NB This paragraph is slightly spoilery in that it reveals things that aren't clear in the first 100 pages or so. Some of the web accounts set up in O'Rourke's name are spouting pseudo-Biblical text about the Amalekites, enemies of the Israelites (the name Amalek is in the Jewish tradition a personification of anti-Semitism) - with the original story altered. O'Rourke is drawn in by a group of people calling themselves the Ulm, who say they are descended from the Amalekites, but it isn't actually as sinister as it sounds: their tradition is doubt. "Our moral foundation is built on the fundamental law that God (if there is a God which there is not) would not wish to be worshipped in the perverted and misconceived ways of human beings, with their righteous violence and prejudices and hypocrisies. Doubt, or cease being moral... What the Christians and the Jews and the Muslims have tried to achieve through violence will come about naturally through our own abdication..." And - very first-world twenty-first century - they say there's a genetic ancestry test that's "eighty percent [accurate] if you came north out of the Sinai into the Rhine Valley prior to the Ashkenazi migration." It - plus the characterisation of a couple of atheist philo-Semites - is a peculiar conflation of the (1960s-onwards) coolness of Jewish culture, and contemporary atheists' (wish for a) sense of community via the internet, real-life discussion groups and mooted atheist "churches". And one that makes somewhat more sense in an American context where atheism is seen more frequently as radical and even dangerous, rather than just routine as in UK public life.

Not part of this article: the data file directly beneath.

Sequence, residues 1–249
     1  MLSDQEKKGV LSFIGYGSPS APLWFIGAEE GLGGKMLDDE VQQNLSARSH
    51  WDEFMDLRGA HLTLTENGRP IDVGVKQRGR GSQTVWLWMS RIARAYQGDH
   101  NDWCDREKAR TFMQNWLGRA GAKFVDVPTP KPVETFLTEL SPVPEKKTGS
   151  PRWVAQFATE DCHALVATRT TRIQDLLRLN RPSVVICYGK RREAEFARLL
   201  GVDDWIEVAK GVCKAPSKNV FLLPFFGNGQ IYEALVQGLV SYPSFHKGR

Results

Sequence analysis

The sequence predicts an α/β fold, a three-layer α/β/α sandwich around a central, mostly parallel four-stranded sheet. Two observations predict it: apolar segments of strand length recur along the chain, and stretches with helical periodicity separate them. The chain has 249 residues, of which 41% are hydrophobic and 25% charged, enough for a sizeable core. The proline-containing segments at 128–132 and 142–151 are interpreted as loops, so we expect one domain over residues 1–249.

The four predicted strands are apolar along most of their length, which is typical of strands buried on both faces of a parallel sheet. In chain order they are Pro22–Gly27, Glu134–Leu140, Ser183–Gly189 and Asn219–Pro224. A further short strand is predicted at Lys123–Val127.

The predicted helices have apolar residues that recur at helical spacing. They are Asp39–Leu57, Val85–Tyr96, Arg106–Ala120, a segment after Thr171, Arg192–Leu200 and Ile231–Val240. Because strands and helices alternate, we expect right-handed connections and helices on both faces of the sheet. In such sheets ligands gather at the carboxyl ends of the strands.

Religion is effectively understood as the ultimate attachment in the Bowlby sense - an epiphany which hit me one Christmas several years ago, though in a more detached way than O'Rourke, who wants to believe: “I would have liked to believe in God. Now there was something that could have been everything better than anything else. [Better than baseball, or his ex-girlfriends]. By believing in God, I could succumb to ease and comfort and reassurance. Fearlessness was an option!” Later, the idea of religion as an attachment to other human beings, members of the religious group in one's own time, the past and future, also appears.